WASHINGTON — Fiscal conservatives are not the only ones who are upset about the rollout of President Obama’s new health-care law and seeking to change it. Social conservatives too have joined the fray.
At a press conference last week, a bipartisan pro-life group of House members said the Affordable Care Act, better known as Obamacare, violates a 36-year-old federal ban on taxpayer subsidies for most abortions.
The lawmakers directed most of their fire at a provision in the law they said “bur(ies) in fine print” the coverage of abortion services in health plans.
“Transparency in government is always good, but when it comes to health-insurance plans, people should know exactly what’s in them,” Rep. Doug Lamborn (R-Colorado Springs) said in an interview last week.
Lamborn said he supports the Abortion Insurance Full Disclosure Act, a bill that would seek to undo a so-called “marketing secrecy clause” in the 2010 health-care law. Rep. Chris Smith (R-N.J.) is the prime sponsor of the measure.
The proposal would require that health-care plans mention if abortion services are included or excluded and the existence of any abortion surcharges in all marketing and advertising materials. It would broaden the existing language of Section 1303 of the bill, which requires that a health plan “provide a notice to enrollees, only as part of the summary of benefits and coverage explanation, at the time of enrollment, of such coverage.”
Abortion-rights supporters did not comment on the bill. Rep. Diana DeGette (D-Denver) co-chair of the pro-choice caucus in Congress, turned down two requests to discuss the proposal last week. A spokesperson for the Department of Health and Human Services also declined to discuss the bill.
Blocking Obama’s signature health-care law has been the rallying cry of Republicans during the 16-day partial shutdown of the federal government. While no socially conservative proposals are part of the negotiations over reopening the government, social conservatives might succeed in getting full abortion disclosure without going through Congress.
Rep. Dan Lipinski (D-Ill.) suggested he would ask the Obama administration to rule that the current language in the health-care law as it relates to abortion disclosure should be broadened. “No one can make the argument that we have transparency,” he said, adding that the provision violates an executive order Obama issued in March 2010 that restates the federal prohibition on federal funding of abortion except in limited circumstances.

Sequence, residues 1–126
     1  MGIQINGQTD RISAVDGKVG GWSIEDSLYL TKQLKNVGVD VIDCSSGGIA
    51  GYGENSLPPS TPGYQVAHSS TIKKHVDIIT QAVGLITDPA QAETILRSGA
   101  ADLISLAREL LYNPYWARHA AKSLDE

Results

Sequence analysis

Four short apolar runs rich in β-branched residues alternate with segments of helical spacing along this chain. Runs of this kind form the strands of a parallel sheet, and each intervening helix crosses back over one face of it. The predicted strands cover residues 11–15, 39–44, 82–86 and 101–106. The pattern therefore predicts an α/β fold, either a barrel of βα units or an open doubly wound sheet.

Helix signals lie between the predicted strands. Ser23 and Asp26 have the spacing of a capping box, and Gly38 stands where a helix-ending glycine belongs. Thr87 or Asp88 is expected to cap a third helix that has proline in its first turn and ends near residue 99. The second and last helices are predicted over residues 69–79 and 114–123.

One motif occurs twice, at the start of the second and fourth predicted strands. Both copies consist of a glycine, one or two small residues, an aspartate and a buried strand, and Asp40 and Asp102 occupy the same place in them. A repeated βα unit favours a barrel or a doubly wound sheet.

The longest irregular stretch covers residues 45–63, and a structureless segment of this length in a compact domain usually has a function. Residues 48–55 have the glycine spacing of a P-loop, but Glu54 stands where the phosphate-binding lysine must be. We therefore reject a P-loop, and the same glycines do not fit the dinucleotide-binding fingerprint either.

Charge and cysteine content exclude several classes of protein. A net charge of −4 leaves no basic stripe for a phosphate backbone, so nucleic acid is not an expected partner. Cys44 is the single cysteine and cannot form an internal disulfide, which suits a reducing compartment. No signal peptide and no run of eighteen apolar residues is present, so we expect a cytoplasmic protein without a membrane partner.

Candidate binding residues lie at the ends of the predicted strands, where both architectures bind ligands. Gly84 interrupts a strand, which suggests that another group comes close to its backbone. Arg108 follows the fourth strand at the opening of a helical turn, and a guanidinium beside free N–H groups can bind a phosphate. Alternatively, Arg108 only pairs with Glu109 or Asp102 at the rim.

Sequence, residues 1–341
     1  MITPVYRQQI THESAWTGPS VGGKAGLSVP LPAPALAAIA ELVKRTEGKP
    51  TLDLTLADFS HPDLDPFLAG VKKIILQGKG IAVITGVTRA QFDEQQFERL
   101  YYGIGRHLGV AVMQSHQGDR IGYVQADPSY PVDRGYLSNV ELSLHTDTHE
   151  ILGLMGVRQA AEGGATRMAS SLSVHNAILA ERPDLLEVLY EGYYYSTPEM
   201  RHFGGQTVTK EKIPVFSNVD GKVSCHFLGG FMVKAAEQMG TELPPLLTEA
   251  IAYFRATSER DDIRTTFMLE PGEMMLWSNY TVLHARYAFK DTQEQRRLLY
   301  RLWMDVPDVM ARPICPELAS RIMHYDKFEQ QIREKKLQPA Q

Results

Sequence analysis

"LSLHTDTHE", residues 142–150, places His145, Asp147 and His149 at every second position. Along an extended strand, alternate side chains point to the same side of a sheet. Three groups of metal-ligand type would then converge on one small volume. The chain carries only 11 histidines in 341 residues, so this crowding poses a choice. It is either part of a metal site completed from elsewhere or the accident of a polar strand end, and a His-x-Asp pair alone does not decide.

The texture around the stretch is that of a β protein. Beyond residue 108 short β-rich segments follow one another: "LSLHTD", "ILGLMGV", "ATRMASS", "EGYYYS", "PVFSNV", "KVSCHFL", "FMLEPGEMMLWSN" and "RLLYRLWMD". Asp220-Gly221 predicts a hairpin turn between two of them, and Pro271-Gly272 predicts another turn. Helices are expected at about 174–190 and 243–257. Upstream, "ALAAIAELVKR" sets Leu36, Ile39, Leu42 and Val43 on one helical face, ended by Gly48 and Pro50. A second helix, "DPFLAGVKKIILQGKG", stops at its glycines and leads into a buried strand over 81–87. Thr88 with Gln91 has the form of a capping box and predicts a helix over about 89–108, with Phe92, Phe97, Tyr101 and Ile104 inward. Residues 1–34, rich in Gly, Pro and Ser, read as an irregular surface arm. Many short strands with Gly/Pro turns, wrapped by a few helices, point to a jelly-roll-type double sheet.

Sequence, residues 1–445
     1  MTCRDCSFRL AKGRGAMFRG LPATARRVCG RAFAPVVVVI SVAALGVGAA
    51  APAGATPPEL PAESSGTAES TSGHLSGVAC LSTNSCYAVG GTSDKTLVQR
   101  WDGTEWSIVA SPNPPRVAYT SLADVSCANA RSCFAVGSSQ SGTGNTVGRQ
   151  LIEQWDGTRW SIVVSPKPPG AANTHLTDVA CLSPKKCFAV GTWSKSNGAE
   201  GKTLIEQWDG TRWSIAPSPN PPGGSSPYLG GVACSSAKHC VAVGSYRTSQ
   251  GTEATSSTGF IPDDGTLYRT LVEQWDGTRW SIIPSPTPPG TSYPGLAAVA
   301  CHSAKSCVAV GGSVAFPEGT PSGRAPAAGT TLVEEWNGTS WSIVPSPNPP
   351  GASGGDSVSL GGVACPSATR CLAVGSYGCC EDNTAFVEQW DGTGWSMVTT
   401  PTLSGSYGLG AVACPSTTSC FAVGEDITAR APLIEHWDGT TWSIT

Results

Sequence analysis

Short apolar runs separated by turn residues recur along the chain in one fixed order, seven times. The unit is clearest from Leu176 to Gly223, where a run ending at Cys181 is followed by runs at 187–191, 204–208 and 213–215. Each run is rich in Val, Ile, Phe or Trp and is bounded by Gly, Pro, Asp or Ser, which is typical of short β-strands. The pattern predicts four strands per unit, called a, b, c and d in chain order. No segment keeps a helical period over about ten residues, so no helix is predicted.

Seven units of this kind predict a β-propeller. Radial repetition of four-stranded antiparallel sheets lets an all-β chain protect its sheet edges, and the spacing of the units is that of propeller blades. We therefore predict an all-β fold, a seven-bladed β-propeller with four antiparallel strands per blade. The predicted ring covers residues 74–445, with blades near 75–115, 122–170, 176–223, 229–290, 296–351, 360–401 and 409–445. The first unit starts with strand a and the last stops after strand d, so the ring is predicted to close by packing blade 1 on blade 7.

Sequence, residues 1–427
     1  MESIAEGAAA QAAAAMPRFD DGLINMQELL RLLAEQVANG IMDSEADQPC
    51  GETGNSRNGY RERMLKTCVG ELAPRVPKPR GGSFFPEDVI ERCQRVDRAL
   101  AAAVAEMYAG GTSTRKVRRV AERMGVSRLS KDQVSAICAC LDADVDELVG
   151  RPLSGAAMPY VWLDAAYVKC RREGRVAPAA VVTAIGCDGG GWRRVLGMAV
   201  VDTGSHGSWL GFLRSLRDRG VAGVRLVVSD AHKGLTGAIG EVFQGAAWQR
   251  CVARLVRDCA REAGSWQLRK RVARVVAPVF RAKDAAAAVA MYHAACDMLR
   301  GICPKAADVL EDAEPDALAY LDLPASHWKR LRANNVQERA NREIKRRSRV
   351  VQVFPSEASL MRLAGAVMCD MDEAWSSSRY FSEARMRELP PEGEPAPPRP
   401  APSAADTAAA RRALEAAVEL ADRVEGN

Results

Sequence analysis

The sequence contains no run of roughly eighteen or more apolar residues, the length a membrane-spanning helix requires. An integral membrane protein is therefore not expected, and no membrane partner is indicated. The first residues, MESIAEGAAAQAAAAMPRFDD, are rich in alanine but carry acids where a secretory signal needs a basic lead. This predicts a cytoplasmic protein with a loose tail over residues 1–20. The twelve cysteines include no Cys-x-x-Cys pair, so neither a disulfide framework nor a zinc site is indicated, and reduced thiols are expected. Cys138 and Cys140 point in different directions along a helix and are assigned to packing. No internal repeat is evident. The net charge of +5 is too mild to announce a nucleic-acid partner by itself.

DeGette and other pro-choice supporters succeeded in getting around the prohibitions of the Hyde Amendment by arguing that private health exchanges in states that allowed abortion services to be included represented a private use of money. They decried a proposal by then-Rep. Bart Stupak (D-Mich.) and Rep. Joe Pitts (R-Pa.) for “telling women they cannot use their own private money to purchase a health-insurance plant that covers a full range of reproductive services.”
The political effect of DeGette’s compromise is a blue-state, red-state split on federal funding of abortion in health care plans. In liberal “blue” states such as Connecticut and Rhode Island, all insurance plans pay for abortion services. In 21 other states such as Wisconsin and Louisiana, private insurance plans under Obamacare are not allowed to cover abortion.
A plea for transparency might be able to transcend partisan differences over abortion, however. Abortion supporters and opponents would know if a health-care plan covered abortion services or not.
Lamborn said he expects the Republican-controlled House would pass Smith’s proposal, but it faces a tougher slog in the Democratic-controlled Senate.